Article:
World

World Futures: Profit, Non-Profit, Not-For-Profit Part 2

By ANDY ANDREWS
Los Alamos World Futures Institute
 
Previously we looked at individual bubbles in a bubble model with the definitive statements that they want and need to make a profit.
They need compensation, usually money, so that they can acquire other things for survival and ride the elevator of Maslow’s Hierarchy of Needs.
They want to avoid pain while seeking pleasure. Profit, as used here, means making a living or money by producing or buying or selling goods and services.
An individual selling his or her labor (getting a job) is in the business of him or herself, with most of the governmental

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Explore Asteroids Friday; Saturday In Planetarium

Explore the risks asteroids pose to Earth and what mankind might be able to do about them Friday and Saturday at the Los Alamos Nature Center. Local asteroid expert Galen Gisler will lead a talk at 6 p.m. Friday, May 24, and the nature center will show the full-dome film ‘Incoming!’ at 2 p.m. Saturday, May 25. Courtesy/PEEC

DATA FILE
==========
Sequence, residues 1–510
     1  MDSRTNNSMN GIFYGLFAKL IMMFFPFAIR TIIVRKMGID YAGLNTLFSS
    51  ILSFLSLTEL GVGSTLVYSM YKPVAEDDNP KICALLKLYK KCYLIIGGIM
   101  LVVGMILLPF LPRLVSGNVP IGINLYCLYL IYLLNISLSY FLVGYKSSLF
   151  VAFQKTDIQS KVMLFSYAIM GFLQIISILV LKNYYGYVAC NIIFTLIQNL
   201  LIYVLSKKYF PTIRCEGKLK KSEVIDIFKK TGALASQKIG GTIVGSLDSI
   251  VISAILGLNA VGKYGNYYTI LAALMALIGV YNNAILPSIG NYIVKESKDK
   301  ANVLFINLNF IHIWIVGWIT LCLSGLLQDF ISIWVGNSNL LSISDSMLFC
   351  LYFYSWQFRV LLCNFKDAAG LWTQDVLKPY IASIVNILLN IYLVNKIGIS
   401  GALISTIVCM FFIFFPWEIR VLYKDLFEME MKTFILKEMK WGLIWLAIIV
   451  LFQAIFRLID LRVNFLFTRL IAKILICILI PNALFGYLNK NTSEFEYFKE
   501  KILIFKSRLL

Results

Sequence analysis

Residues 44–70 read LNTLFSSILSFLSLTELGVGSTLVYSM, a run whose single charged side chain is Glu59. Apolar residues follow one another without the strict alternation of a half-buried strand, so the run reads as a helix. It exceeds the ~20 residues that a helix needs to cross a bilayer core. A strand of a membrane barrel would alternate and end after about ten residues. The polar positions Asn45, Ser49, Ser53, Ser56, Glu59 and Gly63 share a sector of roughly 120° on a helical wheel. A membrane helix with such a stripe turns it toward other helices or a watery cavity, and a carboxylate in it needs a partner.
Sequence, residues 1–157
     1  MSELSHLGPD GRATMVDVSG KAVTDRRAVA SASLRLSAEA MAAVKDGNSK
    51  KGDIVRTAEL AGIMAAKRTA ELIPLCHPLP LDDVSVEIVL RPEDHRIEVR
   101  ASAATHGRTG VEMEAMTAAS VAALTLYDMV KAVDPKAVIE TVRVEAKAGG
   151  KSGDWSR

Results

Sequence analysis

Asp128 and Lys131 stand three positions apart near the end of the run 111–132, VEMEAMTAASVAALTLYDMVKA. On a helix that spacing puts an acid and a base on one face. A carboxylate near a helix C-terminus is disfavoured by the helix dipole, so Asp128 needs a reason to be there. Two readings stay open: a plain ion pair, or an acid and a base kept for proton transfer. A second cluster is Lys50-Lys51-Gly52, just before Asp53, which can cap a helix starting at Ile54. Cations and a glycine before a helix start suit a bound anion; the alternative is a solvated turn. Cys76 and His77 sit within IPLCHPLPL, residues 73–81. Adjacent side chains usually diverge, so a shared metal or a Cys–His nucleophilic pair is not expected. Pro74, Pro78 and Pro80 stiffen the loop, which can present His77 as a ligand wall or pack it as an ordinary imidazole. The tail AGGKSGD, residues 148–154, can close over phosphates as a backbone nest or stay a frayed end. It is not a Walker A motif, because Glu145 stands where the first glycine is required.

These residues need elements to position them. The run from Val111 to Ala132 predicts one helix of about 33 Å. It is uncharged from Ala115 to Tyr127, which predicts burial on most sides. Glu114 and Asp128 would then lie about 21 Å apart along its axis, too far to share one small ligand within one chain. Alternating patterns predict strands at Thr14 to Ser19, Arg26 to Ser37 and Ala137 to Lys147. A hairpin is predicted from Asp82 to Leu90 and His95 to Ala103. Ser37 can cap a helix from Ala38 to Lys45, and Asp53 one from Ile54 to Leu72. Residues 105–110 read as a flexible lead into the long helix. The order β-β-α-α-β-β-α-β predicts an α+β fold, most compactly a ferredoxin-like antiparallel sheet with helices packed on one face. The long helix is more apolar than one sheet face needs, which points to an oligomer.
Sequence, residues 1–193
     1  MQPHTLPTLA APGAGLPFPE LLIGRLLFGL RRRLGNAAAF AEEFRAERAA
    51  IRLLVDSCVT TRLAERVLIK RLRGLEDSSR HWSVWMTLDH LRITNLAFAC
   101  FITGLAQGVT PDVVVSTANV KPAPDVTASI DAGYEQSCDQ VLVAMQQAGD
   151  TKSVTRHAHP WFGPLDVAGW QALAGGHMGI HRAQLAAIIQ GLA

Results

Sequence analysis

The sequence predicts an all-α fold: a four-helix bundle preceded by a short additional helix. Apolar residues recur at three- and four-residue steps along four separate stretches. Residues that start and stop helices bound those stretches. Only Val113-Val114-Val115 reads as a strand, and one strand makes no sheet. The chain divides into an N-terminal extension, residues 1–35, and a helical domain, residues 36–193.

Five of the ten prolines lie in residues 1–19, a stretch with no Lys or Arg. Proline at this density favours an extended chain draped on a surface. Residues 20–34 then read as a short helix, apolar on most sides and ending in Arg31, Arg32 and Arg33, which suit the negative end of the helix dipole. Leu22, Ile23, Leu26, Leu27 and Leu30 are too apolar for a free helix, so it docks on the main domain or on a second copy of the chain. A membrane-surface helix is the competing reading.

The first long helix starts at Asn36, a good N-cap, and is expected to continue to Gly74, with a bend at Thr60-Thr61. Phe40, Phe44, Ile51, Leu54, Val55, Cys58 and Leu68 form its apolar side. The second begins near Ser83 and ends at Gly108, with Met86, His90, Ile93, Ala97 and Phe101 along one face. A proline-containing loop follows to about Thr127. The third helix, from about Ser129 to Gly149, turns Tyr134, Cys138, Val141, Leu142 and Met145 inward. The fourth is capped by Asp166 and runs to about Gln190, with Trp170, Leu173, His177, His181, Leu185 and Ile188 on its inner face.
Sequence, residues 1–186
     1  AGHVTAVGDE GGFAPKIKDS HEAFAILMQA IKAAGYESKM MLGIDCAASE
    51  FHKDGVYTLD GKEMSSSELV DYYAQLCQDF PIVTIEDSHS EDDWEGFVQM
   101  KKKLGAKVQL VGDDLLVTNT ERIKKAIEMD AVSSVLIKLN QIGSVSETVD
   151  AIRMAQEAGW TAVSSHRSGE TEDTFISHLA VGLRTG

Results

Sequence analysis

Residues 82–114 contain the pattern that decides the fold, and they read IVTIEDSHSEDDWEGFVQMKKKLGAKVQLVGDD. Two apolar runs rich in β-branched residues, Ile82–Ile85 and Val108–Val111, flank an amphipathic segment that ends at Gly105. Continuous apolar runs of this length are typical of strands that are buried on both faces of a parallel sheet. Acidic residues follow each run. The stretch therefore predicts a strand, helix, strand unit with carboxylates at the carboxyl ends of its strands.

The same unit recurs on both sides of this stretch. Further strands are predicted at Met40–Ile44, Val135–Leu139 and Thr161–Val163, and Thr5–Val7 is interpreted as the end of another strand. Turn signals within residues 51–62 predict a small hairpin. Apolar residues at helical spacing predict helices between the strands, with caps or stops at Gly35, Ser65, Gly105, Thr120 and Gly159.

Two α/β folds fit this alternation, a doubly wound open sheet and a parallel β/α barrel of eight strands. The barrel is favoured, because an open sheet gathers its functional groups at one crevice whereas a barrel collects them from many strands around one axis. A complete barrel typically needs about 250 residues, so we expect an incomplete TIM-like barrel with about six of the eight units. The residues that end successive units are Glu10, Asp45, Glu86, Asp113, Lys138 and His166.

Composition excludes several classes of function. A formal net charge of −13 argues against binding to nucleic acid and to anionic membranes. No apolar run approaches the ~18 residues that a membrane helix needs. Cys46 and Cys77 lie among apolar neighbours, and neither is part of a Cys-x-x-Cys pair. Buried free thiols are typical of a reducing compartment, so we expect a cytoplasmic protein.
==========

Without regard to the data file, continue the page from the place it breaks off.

PEEC News:
 
Explore the risks asteroid impacts pose to the Earth this Friday and Saturday at the Los Alamos Nature Center’s planetarium. At 6 p.m., Friday, May 24 astronomer Galen Gisler will host a talk about the effects of asteroid impacts and what mankind

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Giant Impact Caused Difference In Moon’s Hemispheres

Artist’s depiction of a collision between two planetary bodies. New research suggests the stark difference between the Moon’s heavily-cratered farside and the lower-lying open basins of the nearside were caused by a wayward dwarf planet colliding with the Moon in the early history of the solar system. Courtesy/NASA/JPL-Caltech
 
AGU News:
 
WASHINGTON, D.C. — The stark difference between the Moon’s heavily-cratered farside and the lower-lying open basins of the Earth-facing nearside has puzzled scientists for decades.
 
Now, new evidence about the Moon’s crust suggests

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Senate Intel Committee Passes 2020 Intelligence Authorization Act

U.S. Sen. Martin Heinrich
 
U.S. SENATE News:
 
WASHINGTON, D.C. This week, U.S. Sen. Martin Heinrich (D-N.M.) voted to advance the Damon Paul Nelson and Matthew Young Pollard Intelligence Authorization Act for Fiscal Years 2018, 2019 and 2020.